When we develop online content header tags are a big part.
Used correctly, they can increase your position in search engines.
However, used incorrectly, header tags can negatively impact rankings and even lead to penalties and lower results.
Define the Title Tags & H1 Headers
Here is the actual HTML code we’re discussing:
- Title Tag: <title>
- H1 Header Tag: <h1>
In a broad sense, the title and H1 header tags share a similar function, which is why confusion often stems between the two.
The purpose of both is to contain the title of your webpage, the two tags do not have to, but should contain the same info.
The key difference between these tags is where their content appears. That difference impacts how search engines and web surfers analyze your page.
Title Tag: The Title Tag is known as a meta tag. This meta tag displays as the title of your webpage when a visitor searches for a relevant keyword and then your page is listed in the results.
It also serves as the hyperlink that surfers will click on to visit the page.
Additionally, when a user visits your page, this title appears in the title bar at the top of the Web browser. As well as when someone bookmarks the page, the Title Tag provides a default bookmark title.
Note that the Title Tag does not appear in the body of the webpage, only in the meta tag.
H1: The H1 Header does not typically show up in search engines, and instead appears within your webpage. Because it displays the largest text, the H1 Header tag is often used to create a title at the top of the page.
Common Best Practices:
- Use only one Title Tag and one H1 Header per webpage
- Include the page’s primary keywords in both tags
- Try to place the keyword early in both tags
- Use the keyword only once within each tag
- Keep both titles short (40 – 70 characters or less recommended)
Don’t obsess over h1 length. It’s not as important as it used to be.
Remember, if it’s too short, you’re wasting valuable space. But if it’s too long, you’re diluting the power of the tag.
A medium length header, 20-70 characters, is just right. You can use a normal sentence as an h1, and it’s totally fine.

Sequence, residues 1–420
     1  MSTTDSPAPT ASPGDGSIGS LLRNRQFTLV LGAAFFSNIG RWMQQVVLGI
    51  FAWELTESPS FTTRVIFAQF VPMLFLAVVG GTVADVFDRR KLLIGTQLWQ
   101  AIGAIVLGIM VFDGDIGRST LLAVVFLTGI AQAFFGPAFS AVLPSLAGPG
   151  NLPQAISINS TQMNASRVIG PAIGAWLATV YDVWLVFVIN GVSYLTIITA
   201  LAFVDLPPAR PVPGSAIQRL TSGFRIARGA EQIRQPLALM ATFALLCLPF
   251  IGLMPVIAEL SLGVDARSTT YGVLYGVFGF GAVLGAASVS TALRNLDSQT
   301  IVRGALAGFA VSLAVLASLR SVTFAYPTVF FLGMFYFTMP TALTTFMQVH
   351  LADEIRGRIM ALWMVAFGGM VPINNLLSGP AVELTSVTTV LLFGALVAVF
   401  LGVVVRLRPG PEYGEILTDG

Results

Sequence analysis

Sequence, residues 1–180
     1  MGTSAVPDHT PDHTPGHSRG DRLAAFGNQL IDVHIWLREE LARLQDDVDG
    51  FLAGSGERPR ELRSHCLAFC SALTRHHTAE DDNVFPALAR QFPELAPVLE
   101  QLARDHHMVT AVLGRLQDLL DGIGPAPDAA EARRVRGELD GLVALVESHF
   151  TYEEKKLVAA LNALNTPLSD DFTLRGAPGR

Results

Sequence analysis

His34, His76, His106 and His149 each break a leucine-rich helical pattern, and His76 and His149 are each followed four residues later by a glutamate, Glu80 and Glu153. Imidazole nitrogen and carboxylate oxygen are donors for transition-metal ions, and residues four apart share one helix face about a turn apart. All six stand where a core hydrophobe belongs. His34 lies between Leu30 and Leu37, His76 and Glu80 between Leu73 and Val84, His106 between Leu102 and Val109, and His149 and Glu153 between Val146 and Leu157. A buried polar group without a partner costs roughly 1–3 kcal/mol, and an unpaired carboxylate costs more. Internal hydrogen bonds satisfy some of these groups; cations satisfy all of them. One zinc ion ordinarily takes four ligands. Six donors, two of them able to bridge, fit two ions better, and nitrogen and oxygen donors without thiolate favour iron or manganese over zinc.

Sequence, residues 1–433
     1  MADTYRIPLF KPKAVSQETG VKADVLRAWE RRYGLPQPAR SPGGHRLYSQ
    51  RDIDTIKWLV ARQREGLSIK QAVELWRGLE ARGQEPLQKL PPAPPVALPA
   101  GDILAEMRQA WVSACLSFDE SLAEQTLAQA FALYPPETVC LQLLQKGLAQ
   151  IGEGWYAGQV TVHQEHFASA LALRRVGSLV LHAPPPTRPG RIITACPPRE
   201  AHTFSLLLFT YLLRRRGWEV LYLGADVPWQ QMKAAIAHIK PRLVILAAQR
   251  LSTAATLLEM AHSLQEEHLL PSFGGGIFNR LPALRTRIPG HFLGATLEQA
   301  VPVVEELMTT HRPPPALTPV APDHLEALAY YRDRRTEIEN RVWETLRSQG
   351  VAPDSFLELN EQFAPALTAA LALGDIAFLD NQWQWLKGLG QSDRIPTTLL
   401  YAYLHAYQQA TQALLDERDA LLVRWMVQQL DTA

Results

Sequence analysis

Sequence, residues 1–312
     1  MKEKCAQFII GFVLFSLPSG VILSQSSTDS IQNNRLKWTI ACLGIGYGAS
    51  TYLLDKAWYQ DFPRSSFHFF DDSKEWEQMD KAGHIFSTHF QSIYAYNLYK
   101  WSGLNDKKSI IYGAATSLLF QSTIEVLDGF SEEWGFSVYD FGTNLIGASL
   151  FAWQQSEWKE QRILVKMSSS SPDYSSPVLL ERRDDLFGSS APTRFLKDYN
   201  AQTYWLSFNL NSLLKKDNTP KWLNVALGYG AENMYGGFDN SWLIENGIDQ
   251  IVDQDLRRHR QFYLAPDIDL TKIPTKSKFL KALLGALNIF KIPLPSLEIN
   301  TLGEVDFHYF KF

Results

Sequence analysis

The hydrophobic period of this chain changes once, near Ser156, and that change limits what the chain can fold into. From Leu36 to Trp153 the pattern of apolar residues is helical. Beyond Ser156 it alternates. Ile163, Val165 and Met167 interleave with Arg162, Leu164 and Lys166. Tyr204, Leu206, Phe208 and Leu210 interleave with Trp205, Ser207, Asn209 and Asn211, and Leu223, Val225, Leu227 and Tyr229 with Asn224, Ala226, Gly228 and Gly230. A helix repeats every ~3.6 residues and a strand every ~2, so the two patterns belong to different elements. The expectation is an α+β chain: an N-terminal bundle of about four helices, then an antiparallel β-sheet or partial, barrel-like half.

Your h1 should be the most important visual element on the page.
- H1 It should be big.
- It should be strong.
- Be noticeable.
- You should use whatever visual, formatting, and style elements are necessary to make that thing stand out.
Leave it to Google?
If you don’t use a strong keyword in your h1, then Google can still find out what the page is about, index it appropriately, and give you a nice rank.
But why leave out the opportunity to give Google all of the information it needs and wants right in your website source code?
Use a focused long-tail keyword in your h1.
Long tail keywords are those three and four keyword phrases which are very, very specific to whatever you are selling.
Whenever a customer uses a highly specific search phrase, they tend to be looking for exactly what they are actually going to buy.
So, yes, I recommend that you use a long-tail keyword in your h1.
- Don’t force it.
- Make it natural.
- Do NOT stuff!
Lets summarize the rules for creating amazing h1 tags.
- Use only one h1 tag.
- Your h1 tag should describe the topic of your page.
- Make your h1 tag stand out.
- Create h1s that provide a good user experience.
- Use a focused long-tail keyword in your h1 tag.
I suggest that clients do an h1 audit to get more web traffic.
Do not underestimate the power of a well thought h1 tag. It’s quick. It’s easy. And it gets great results in record times.